NMPF opposes Goodlatte-Scott amendment

Not surprisingly, the National Milk Producers Federation (NMPF) issued a statement opposing the Goodlatte/Scott amendment introduced on Monday, raising concerns House leadership may be pressuring Republican members to vote for the amendment.

U.S. Rep. Bob Goodlatte (D-Va.) and others introduced the Goodlatte/D. Scott/C. Collins/Moran/Duffy/Polis/Coffman/Meeks/Issa/DeGette/Sessions Amendment to the House version of the 2013 Farm Bill (H.R. 1947, the Federal Agriculture Reform and Risk Management (FARRM) Act of 2013). The amendment strikes the Dairy Market Stabilization Program (DMSP), part of the Dairy Security Act  included in the base text of the FARRM Act, replacing it with a stand-alone margin insurance program for dairy producers. 

“The nation’s dairy farmers strongly oppose efforts in the House to gut the farm bill’s dairy title through an amendment offered by Reps. Goodlatte and Scott,” said Jerry Kozak, NMPF president and CEO. “We urge members of the House to reject this amendment, which would undo four years of hard work to develop a new, cost-effective safety net for America’s dairy farmers.

“We understand that the House leadership is pressuring members to vote in favor of the Goodlatte-Scott amendment,” he continued. “But if the debate on the farm bill’s dairy title is about what the best policy is for taxpayers and consumers, as well as farmers, then we have the best case to make to Congress.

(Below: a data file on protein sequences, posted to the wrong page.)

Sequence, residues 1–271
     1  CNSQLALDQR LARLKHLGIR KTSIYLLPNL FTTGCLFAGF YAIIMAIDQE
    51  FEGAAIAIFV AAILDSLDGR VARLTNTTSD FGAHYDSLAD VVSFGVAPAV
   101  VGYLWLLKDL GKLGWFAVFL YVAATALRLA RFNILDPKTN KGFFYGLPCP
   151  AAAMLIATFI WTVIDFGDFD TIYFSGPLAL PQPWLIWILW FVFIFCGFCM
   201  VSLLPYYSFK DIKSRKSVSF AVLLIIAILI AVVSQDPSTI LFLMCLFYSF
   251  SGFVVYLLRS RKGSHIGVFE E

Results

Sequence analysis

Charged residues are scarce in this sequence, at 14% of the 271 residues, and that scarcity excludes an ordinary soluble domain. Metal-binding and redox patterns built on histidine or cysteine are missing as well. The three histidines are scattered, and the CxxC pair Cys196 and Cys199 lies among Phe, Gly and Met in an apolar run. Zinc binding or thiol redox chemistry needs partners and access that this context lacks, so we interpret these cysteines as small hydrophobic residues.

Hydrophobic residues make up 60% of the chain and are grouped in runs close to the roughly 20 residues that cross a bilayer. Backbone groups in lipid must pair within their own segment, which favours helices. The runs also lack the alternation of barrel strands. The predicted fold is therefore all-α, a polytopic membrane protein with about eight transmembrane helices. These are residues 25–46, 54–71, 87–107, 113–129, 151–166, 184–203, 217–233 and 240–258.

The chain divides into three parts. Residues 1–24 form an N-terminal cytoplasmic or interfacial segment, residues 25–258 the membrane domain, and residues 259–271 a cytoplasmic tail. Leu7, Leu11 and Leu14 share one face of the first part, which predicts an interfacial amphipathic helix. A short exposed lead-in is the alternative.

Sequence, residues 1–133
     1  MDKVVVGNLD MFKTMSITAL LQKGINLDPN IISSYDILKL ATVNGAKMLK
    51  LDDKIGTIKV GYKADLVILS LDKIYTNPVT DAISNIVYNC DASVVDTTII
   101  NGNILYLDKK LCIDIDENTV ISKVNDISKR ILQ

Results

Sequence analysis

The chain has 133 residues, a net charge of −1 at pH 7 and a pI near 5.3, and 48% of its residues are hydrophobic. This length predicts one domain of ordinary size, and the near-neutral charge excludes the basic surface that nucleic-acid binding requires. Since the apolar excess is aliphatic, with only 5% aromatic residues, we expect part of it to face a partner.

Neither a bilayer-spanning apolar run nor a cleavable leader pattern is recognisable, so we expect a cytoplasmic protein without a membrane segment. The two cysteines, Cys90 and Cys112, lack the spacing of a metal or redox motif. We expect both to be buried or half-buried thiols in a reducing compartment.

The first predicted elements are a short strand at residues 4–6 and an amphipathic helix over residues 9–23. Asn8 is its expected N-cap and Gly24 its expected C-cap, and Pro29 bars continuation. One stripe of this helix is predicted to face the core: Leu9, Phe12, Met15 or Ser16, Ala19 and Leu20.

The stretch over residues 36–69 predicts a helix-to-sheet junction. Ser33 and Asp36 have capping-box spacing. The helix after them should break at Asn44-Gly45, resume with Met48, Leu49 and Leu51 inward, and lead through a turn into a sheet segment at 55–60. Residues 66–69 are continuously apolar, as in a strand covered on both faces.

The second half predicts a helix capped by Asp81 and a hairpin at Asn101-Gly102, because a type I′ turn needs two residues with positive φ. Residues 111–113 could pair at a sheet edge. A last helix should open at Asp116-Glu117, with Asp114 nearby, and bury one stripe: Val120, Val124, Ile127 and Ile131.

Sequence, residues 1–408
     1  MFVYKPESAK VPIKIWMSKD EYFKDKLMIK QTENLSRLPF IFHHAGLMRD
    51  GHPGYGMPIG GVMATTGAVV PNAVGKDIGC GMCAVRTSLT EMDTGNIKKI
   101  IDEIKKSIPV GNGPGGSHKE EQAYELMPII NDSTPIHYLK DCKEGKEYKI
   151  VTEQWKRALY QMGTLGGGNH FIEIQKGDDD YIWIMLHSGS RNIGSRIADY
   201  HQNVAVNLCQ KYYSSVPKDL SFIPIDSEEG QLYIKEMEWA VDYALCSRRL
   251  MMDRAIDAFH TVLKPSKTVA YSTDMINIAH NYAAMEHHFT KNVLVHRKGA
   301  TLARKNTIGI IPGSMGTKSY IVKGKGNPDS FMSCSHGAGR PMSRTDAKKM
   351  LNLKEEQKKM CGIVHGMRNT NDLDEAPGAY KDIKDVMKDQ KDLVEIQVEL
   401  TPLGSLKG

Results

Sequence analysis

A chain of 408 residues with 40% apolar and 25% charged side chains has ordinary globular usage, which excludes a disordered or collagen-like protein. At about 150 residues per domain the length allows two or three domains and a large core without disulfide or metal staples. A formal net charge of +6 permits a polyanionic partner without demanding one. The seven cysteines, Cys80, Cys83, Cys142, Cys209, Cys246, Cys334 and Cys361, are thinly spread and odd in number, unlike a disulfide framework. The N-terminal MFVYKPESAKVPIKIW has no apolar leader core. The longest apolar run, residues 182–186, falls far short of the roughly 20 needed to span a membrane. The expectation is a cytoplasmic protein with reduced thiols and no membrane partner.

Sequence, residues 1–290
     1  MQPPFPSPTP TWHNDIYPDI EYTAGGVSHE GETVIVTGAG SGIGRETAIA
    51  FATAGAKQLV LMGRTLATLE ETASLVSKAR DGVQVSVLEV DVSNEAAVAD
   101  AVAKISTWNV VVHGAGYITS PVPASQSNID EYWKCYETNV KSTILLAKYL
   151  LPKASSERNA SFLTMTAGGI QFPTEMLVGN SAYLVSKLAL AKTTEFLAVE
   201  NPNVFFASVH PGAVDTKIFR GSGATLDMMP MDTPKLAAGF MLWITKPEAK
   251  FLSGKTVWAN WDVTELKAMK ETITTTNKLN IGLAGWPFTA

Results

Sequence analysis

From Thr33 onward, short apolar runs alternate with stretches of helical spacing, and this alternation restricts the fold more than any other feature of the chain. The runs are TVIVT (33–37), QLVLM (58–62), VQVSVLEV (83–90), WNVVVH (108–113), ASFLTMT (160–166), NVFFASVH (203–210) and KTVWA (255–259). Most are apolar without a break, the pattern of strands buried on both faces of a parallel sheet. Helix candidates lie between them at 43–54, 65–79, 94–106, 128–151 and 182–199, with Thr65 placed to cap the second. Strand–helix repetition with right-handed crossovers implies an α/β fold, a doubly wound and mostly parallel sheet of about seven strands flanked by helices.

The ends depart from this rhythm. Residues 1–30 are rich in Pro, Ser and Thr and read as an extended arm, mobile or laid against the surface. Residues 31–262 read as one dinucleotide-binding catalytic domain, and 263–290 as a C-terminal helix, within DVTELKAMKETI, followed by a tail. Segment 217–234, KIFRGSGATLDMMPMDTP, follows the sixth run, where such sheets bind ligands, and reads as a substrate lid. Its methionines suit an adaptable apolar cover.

“The Dairy Security Act, already approved twice by the House Agriculture Committee, and contained in the Senate-passed farm bill, creates a voluntary margin insurance program,” Kozak explained. “The costs for this are shared by farmers and mitigated by the program’s market stabilization element. By eliminating the market stabilization component, the Goodlatte-Scott approach removes the cost control mechanism from this measure, greatly increasing government and taxpayer costs.”

 “The Dairy Security Act is more in tune with where Congress wants to go with farm policy, in terms of limiting taxpayer costs and minimizing any impact on consumers,” he said. “In fact, it is dairy farmers who are urging Congress to eliminate three existing farm programs. It’s dairy farmers who have expressed genuine interest in limiting the costs of farm programs, unlike processors, who have no real stake in limiting  government costs, and stand to benefit by creating a surplus of milk that puts farm families out of business. Congress needs to side with farmers and their families, not corporate processors, in the debate about the future of farm policy.”